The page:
Linen Thanksgiving Napkins
I love sewing napkins for Thanksgiving. They are such a simple and fun way to dress up the table and you can use them all year long. In fact, I like making them so much that I've made a new set for the Purl Bee every year since 2006! My main goal for this year's set was that they be quick and simple while still being beautiful and different from year's past.
We recently received a big shipment of linen fabric from one of our favorite companies, Globalweave. They make stunning linens that range from the jewel toned Sheer Linen and Open Weave Linen, to undyed, rustic Linen Solids. Shipments from Globalweave often come from India wrapped in burlap and sewn shut by hand which always make them seem like such a speical treat. After unpacking the latest shipment of their lovely linens I knew I had to make this year's Thanksgiving napkins with of them.
I chose the natural Sheer Linen and paired it with one of our bright and seasonal Fire Spectrum Bundles. I love the look of the natural, nubby, undyed linen framed with the rich tones of red, brown and orange. Since the fabrics themselves were already so pretty next to one another, and since the operative word here was simple I sewed them up using a quick technique for clean mitered corners; no bias binding or fiddly hand sewing required! Happy Thanksgiving!--Molly
You can find our previous Thanksgiving napkins here.
To make a set of 12 16-inch square napkins:
- A Purl Soho Spectrum Bundle of 12 fat quarters in "Fire"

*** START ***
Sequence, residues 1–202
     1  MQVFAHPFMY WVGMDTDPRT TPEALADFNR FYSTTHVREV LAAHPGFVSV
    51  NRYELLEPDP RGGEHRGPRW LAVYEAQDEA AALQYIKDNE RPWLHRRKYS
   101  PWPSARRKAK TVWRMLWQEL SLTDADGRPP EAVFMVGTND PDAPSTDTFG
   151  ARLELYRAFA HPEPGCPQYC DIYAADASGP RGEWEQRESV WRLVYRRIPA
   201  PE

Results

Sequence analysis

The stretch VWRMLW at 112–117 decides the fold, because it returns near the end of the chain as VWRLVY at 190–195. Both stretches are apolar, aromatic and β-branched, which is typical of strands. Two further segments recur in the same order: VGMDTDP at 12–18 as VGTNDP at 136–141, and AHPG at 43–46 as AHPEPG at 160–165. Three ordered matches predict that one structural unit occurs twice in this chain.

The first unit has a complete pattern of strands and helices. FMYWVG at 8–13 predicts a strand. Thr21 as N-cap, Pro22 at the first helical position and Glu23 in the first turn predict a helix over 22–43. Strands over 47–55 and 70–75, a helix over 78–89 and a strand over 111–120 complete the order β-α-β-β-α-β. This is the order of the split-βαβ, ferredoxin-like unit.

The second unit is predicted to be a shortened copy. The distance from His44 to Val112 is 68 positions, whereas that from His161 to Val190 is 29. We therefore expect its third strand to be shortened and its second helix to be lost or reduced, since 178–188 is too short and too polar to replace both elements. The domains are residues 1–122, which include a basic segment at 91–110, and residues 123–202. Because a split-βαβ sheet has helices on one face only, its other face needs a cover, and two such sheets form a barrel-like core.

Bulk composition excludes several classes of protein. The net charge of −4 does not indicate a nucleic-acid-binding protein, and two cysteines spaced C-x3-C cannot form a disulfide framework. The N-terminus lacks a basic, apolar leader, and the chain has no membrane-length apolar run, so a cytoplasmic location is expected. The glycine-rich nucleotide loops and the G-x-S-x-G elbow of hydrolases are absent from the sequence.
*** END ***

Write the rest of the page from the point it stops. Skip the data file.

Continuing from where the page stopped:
- 2 1/4 yards of Globalweave Sheer Linen in Beige
- Cotton Thread in color 4930
Cut one of the fat quarters into an 18-inch square.
Cut the linen into a 16-inch square.
Pin the linen square into the center of the larger solid colored square so there is one inch of the solid square framing the linen square on all sides.
Sewing the Napkins
Press each side of the solid square 1/2-inch towards the inside of the square.
Unfold the corners so you can see the marks the pressing made.
Cut off the corner diagonally at the point where the pressing marks intersect as shown above.
The corner will now lay flat as shown above.
Fold the corner down so it forms a 45-degree angle.
Then fold the sides down a 1/2-inch again, pinning down the corner so it forms another 45-degree angle.
Do the same to the opposite side and a nice mitered corner will be formed.
Fold down and pin all the sides in this manner.
Top stitch the folds down around all four sides, pivoting at the corners and making sure to back stitch at the beginning and end of the seam.
Repeat with the remaining linen and fat quarters and you'll be ready to set the table!